The Philips 328E9QJAB is an easy to own monitor with a large, curved VA screen that’s ideal for entertainment purposes. It’s obvious that a 1080p screen will look less crisp in this format, but it gives you more flexibility such as allowing you to enjoy games and movies from a distance. The Philips 328E9QJAB presents tremendous value, but was its raw performance numbers sacrificed in return?
- Big, Curved Screen
- 75Hz Refresh Rate
- Very Affordable
- Excellent Contrast
- Poor Color Accuracy
- Panel Uniformity Needs Improvement
Philips 328E9QJAB Specifications
- Screen Size: 32 Inches
- Resolution: 1920 x 1080 Full HD
- Aspect Ratio: 16:9
- Panel Technology: Vertical Alignment (VA)
- Refresh Rate: 75 Hz
- Response Time: 5ms
- Contrast Ratio:3000:1
- Brightness: 250cd/m²
- Connectivity: DisplayPort 1.2 x 1, HDMI 0x 1, D-Sub x 1 3.5mm Jack x 2
- Speakers: Yes (2 x 3 Watts)
- VESA: No
- Stand: Height – No
- Stand: Tilt – Yes (-5°/+15°)
- Stand: Swivel – No
- Dimensions(W x H x D): 27.99” x 20.67” x 9.25”
- Weight: 14.97 lbs
Design and Features
The Philips 328E9QJAB went with an understated design which ensures that it will fit into any kind of setup, whether if its for the home or office. The monitor has a glossy chassis which adds a bit of class, but it makes the device susceptible to scratches and stains. The large display is almost bezel-free on three sides, but there are inner borders that become slightly noticeable when the device is in use.
The Philips 328E9QJAB doesn’t weigh a lot at fifteen pounds, so we imagine it would be easy to set up or lug around. The whole device does take up quite a considerable amount of space, so make sure nothing will obstruct it from the top like shelves. Its also worrying that the monitor might topple over with a nudge or a strong gust of wind, but it manages to stand firm on even surfaces.
Build quality is decent for the Philips 328E9QJAB even if most of its parts feel plasticky and less durable than some monitors we’ve tested. The seams match perfectly and there are no cosmetic defects anywhere on the body. The plastics used feel thinner than what we are used to, but they don’t flex and are not brittle or weak.
The Philips 328E9QJAB is equipped with a DisplayPort 1.2 and HDMI 2.0 for video inputs, but it also includes a D-Sub port for legacy devices. The monitor doesn’t have USB hubs or ports for your peripherals, but we think that’s fair if you consider the price. You will also find two 3.5mm jacks for audio input and output for your headset or speakers and a separate device.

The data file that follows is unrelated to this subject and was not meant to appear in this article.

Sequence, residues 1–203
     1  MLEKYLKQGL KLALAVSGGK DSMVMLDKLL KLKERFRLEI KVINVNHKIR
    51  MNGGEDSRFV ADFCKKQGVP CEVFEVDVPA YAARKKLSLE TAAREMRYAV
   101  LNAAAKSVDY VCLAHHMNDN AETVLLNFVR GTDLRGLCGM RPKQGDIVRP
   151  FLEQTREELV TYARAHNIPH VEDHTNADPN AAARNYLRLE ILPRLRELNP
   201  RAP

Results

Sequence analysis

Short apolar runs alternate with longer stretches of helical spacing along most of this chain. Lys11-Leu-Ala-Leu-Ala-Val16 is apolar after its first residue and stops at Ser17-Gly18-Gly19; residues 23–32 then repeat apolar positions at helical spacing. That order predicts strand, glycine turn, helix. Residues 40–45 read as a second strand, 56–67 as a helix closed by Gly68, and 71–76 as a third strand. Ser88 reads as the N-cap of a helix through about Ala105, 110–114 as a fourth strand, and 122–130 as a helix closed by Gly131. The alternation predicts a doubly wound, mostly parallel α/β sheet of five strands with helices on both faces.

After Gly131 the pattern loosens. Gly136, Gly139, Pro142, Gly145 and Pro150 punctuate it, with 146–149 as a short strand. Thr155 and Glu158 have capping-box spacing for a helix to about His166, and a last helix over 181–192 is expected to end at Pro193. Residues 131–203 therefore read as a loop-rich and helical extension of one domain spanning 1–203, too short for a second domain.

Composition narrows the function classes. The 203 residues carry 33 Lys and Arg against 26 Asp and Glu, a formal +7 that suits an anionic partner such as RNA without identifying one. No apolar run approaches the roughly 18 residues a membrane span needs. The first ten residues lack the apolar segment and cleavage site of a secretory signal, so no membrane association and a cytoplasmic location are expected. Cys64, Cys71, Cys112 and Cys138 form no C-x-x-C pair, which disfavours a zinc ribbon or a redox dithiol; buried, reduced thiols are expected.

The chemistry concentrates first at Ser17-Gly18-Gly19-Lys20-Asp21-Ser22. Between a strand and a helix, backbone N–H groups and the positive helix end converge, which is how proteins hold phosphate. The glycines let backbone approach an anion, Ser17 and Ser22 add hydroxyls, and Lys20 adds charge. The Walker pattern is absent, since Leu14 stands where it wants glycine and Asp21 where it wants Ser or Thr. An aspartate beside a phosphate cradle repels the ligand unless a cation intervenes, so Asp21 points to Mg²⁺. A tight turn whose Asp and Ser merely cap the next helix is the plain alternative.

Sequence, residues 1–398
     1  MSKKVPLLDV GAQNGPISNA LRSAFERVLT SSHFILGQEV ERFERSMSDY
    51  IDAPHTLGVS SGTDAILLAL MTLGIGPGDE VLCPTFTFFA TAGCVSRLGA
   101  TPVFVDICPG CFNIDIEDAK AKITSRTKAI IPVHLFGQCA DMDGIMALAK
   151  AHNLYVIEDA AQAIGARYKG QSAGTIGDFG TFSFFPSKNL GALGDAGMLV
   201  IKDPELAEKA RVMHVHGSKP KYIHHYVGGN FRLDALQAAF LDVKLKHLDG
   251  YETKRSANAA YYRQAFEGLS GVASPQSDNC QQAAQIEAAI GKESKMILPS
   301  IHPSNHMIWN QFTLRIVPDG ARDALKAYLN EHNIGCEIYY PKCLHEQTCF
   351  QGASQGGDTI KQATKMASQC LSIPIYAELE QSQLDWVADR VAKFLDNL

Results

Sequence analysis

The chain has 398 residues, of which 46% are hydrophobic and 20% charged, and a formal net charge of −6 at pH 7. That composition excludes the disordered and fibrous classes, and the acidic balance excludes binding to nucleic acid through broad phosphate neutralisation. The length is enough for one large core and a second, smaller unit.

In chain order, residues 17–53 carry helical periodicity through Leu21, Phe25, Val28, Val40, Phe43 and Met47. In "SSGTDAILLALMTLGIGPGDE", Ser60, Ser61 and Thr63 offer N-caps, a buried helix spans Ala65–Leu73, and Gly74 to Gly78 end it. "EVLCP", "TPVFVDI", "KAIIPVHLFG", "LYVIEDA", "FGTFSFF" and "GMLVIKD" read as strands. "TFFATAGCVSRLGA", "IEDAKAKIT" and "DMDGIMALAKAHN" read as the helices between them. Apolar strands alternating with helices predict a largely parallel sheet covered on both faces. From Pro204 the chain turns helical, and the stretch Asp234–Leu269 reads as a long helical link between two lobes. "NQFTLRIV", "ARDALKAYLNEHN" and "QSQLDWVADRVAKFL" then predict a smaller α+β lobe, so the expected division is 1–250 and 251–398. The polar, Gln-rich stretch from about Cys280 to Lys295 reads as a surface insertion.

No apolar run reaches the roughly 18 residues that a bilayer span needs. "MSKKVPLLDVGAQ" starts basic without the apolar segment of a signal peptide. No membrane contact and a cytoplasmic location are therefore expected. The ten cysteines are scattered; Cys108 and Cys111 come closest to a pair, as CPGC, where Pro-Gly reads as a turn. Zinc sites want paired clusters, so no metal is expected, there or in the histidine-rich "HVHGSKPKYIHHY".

The Philips 328E9QJAB even manages to include a pair of 3-watt speakers in its reasonably thin chassis. The built-ins don’t sound fantastic for games and movies, but it’s usable for background noise or for simple videos such as tutorials and the like on Youtube. However. we recommend a full speaker set or headsets if you plan on using this monitor for games and movies since they can provide a more compelling level of quality.
Another characteristic of the Philips 328E9QJAB we love is its use of a centrally-located joystick instead of OSD buttons. It’s easy to use since you don’t have to reach for the rear, and experiencing the struggles of finding the right button in the dark will be a thing of the past.
The Philips 328E9QJAB is supported by a tilt-only stand that has a slight wobble, but it does a good job of keeping the monitor upright. The metallic finish adds a nice aesthetic touch, while the hollowed-out base allows you to secure small gadgets such as phones or USB drives. The monitor is also VESA-compatible, allowing users to mount it if in case more adjustment ranges are necessary.
Display and Performance
The Philips 328E9QJAB utilizes a 32-inch curved VA panel with a 1920 x 1080 resolution, 75Hz refresh rate, and 5ms response time. The backlight is limited to 250 cd/m2, while contrast is rated up to 3000:1 as expected for VA-type screens. This model has a 1800r curvature which is better experienced on bigger screens, but it will appear gentler since the monitor isn’t as wide as 34-inch variants.